The Empire that Alexander the Great created through his conquests has fascinated people throughout history. Not only did Alexander the Great create an empire that stretched from Greece to modern-day Pakistan and from northern Afghanistan to southern Egypt, but he also did all of that within 10 years!
But that giant empire would not outlive Alexander the Great for long. Shortly after Alexander had died at the young age of 32 the empire would break apart. There were 3 main reasons why the empire of Alexander the Great quickly broke apart after his death.
Alexander the Great died without a designated heir. His generals would not only argue over his successor but also whether or not the empire should be maintained as a whole or broken up into individual kingdoms that would each be ruled by Alexander`s generals. The Partition of Babylon of June of 323 BC, which aimed at solving the succession by making both the son and half-brother of Alexander joint kings, failed at providing a qualified king and ultimately opened the door to the disintegration of Alexander`s empire.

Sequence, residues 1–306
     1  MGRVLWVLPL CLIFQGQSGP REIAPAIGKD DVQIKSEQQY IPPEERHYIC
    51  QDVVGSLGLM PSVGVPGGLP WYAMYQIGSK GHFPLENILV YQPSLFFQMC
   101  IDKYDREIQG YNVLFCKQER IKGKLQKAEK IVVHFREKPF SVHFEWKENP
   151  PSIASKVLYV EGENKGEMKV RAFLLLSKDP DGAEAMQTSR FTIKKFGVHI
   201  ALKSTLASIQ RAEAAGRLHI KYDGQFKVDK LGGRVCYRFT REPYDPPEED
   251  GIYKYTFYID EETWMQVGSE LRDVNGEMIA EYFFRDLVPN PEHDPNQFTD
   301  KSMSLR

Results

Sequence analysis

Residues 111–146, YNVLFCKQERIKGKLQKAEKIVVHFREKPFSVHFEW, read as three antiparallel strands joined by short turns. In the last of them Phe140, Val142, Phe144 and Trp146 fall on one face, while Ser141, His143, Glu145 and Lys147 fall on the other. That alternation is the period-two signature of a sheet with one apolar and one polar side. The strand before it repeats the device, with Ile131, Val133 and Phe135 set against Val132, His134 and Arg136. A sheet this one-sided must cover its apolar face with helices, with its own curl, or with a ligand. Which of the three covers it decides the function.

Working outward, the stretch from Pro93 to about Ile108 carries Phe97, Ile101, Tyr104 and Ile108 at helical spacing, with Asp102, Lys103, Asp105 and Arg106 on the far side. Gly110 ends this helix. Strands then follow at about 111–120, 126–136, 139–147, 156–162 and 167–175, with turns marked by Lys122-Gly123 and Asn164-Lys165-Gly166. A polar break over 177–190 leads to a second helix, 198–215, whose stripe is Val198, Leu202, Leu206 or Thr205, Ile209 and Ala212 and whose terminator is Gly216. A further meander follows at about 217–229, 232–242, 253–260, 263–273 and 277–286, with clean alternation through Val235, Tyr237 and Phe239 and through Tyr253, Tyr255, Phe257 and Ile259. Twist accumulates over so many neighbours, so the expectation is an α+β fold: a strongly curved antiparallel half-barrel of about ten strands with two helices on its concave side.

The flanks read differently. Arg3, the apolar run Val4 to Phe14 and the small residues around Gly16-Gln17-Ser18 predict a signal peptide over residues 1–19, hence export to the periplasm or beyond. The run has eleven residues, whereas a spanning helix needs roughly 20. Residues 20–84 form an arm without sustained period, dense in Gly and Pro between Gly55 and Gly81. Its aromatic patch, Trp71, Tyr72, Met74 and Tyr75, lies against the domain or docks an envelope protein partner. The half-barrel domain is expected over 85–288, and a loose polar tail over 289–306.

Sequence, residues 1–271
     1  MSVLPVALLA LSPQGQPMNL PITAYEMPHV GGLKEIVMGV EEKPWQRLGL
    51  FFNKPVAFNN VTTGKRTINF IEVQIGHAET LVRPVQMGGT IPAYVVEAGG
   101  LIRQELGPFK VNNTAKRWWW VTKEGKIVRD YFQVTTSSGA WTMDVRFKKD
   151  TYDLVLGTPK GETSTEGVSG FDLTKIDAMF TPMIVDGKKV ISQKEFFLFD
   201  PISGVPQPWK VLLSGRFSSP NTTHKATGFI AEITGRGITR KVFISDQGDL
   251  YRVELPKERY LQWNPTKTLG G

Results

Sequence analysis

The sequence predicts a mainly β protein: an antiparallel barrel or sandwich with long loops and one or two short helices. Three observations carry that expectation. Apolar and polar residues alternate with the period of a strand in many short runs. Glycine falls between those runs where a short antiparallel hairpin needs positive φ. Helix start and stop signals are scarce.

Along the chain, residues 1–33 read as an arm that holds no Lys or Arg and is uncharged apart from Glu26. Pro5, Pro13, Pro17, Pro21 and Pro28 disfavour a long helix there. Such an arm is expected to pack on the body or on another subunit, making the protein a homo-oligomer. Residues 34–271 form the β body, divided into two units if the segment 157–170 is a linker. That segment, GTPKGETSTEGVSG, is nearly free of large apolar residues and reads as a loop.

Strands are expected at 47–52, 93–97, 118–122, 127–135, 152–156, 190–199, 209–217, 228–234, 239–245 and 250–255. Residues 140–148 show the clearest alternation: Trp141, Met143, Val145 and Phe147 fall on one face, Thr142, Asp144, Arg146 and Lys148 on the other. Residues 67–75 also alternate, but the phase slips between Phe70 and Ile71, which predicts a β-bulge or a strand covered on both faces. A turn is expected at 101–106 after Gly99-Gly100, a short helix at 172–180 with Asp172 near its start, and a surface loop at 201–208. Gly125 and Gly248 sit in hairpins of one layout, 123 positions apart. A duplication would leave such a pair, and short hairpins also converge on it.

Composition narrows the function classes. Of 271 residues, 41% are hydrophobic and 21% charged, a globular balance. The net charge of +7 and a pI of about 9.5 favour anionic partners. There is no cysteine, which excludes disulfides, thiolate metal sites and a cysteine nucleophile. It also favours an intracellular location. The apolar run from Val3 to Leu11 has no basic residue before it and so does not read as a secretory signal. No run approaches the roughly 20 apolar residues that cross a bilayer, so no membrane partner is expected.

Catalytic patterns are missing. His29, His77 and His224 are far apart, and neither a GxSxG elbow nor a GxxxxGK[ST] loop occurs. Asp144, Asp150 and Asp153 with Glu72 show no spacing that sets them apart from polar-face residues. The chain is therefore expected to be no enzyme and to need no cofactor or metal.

Let`s find out more!
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- 1 Alexander the Great died without naming an heir
- 2 Disagreements between Alexander`s generals regarding the future of the empire
- 3 The Partition of Babylon as a destabilizer
- 4 Sources
Alexander the Great died without naming an heir
A general rule of thumb is that whenever a ruler dies without either naming an heir or having a legitimate son the future of his kingdom is in danger since there is usually no lack of men who want to inherit the rule from the deceased king.
And that was exactly what happened after the death of Alexander the Great!
But before we talk about the death of Alexander: Are you also interested in the life of Alexander the Great? Then you might want to check out the biography of Alexander that was written by the ancient Roman writer Plutarch (and that is still one of the most important sources for our knowledge about Alexander). You can find a translated version here* on Amazon.
The death of Alexander the Great
A dying Alexander had handed his signet ring over to a man called Perdiccas. But that was not an appointment as an heir, Perdiccas was just the highest-ranking officer within the army of Alexander the Great. And as such he was given the responsibility of finding a solution after the death of Alexander.
Alexander the Great died at the age of 32 on 10 June 323 BC (according to our calendar) and on 11 June 323 BC between 4:00 and 5:00 PM (according to the Babylonian astronomical diaries) without naming an heir or having a legitimate son.
By the way, the cause of his death is just as unclear as the location of his grave. I will go into more detail about the 3 most likely scenarios that caused his death (including assassination) in my article here.
It is said that Alexander`s answer to the question of who should be his heir was „κράτιστος“ which could be translated as „the strongest“ or „the best“.